Once we had liberated the oil from the bottle and turned to with a steam hose upon the inside it was ready for the mixture. Since my recipe has a current patient pending, I will not divulge it; let it suffice to say that grape juice, sugar, and yeast in appropriate proportions were combined. Next, one of the chain falls above the LP turbine was lowered, stowed and the poly bottle hoisted in its place and covered with the protective canvas bag – perfect concealment. I stood there watching as the bottle swayed in unison with the other chain falls as the ship rolled from side to side; knowing that the heat in the overhead above the turbine would accelerate the fermentation process. I estimated 10 days until sampling. This was going to go down in Hooch maker’s history. As I turned to leave and in passing I mentioned to upper-level MM2, “You did make sure that bottle cap was loose, right?”  “Oh yeah, right!” was his reply

With each passing day, each watch kept an ever mindful eye on the LP turbine and the treasure stowed in the overhead above it. All was well as it swayed to and fro up there cooking away, all the while the forward engine room LPO searched frantically for his missing bottle under the ever securitizing surveillance of the Senior Chief. I was enjoying this on many levels; in fact, I volunteered to provide help with the investigation but was told to mind my own fucking business, which I did with an enthusiasm only I could understand.

In my rack one night, I was awakened quite abruptly by the messenger of the watch saying “Mac you better come down to the engine room.”  Knowing that something was amiss, I jumped out of my tree and into my dungarees. As I slid down the ladder, I was greeted by upper-level MM2. If there is such a thing, a sheepish look of pallid horror was upon his face as he led me over to the purplest LP turbine I had ever seen. Additionally, the overhead and steam piping above it were purple. The most intelligent thing I could say was “What the fuck?” Seems the cap on the bottle was not as loose as we had thought and the well-accelerated fermentation process had exceeded the capacity of it to contain its contents. Now wine is a lot like lube oil, once on the loose a little can look like a lot. Lucky for us, we had been doing some painting the day before and had kept some unauthorized paint in the hole. All hands were assembled on the deck plates that night and as they painted out the overhead, piping and LP turbine, upper-level MM2 and I lowered the culprit bottle. Finding it still ¾ full, we removed the cap to be on the safe side and returned it to its place of honor. Turning the steam hose on the canvas bag and installing it inside out put the sneak back on the operation. By the time the aroma of morning chow started wafting down through the ventilation dissipating the stench of rioting grape juice, all was well with our world. With the entire after engine room crew horsing down morning chow at the same table, Senior Chief on his way to the log room from the CPO mess stopped, scowled at us and said “What? Are you guys all queer now?”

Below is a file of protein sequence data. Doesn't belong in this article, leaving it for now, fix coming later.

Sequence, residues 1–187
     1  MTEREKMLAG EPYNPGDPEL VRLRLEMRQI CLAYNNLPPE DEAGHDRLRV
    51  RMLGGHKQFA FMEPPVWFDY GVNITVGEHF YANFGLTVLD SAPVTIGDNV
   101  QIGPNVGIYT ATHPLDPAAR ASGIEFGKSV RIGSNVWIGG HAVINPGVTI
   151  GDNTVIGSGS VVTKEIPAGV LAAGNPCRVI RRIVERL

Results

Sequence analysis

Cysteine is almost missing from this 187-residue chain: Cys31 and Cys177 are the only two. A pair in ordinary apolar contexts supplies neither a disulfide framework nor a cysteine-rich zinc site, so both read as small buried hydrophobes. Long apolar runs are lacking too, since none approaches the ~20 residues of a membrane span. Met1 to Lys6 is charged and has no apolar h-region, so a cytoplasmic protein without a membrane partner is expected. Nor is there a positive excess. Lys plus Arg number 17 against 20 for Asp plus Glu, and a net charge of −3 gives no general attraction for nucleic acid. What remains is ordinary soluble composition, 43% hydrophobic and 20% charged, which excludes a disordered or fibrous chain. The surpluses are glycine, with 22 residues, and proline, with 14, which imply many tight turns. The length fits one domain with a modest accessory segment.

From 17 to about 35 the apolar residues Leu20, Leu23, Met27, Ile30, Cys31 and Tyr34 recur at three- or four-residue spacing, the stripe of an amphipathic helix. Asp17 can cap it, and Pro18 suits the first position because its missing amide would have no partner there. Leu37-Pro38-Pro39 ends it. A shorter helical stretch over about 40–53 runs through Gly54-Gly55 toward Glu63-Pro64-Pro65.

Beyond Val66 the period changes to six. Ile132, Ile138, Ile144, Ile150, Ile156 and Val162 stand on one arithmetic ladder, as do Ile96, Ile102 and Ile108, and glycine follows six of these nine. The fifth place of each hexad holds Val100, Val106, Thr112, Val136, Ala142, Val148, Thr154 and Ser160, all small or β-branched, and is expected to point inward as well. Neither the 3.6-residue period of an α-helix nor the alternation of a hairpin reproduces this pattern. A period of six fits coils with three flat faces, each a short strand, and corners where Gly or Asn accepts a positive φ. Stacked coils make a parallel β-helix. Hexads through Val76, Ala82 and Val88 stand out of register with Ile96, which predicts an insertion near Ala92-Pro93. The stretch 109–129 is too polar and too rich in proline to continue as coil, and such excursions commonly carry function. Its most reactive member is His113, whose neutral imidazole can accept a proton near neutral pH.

In the end, the wine finished up nicely and was enjoyed by the entire after engine house, the two mess cooks, BT2 and myself. Main Controls LPO never fully recovered and remained perplexed from the loss of his poly bottle, and what’s more, its sudden reappearance. Although he could never prove anything, the Senior Chief remained convinced that the entire after engine room crew was a bunch of criminals – probably all queer.

 

David “Mac” McAllister a native of California, now resides in the Ozark Mountains of Southwest Mo. Having served in Asia for the majority of his 24-year Navy career, he now divides his time as an over the road trucker, volunteer for local veteran repatriation events and as an Asia Sailor Westpac’rs Association board member and reunion coordinator. In his spare time, he enjoys writing about his experiences in Westpac and sharing them online with his Shipmates.